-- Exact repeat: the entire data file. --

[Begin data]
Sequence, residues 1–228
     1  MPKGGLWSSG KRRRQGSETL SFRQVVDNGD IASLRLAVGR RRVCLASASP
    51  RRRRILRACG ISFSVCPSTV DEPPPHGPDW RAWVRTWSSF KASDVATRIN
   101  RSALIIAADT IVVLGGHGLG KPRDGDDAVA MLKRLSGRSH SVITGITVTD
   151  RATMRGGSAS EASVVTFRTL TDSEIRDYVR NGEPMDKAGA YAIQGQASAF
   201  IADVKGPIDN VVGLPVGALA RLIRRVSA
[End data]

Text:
Sequence, residues 1–228
     1  MPKGGLWSSG KRRRQGSETL SFRQVVDNGD IASLRLAVGR RRVCLASASP
    51  RRRRILRACG ISFSVCPSTV DEPPPHGPDW RAWVRTWSSF KASDVATRIN
   101  RSALIIAADT IVVLGGHGLG KPRDGDDAVA MLKRLSGRSH SVITGITVTD
   151  RATMRGGSAS EASVVTFRTL TDSEIRDYVR NGEPMDKAGA YAIQGQASAF
   201  IADVKGPIDN VVGLPVGALA RLIRRVSA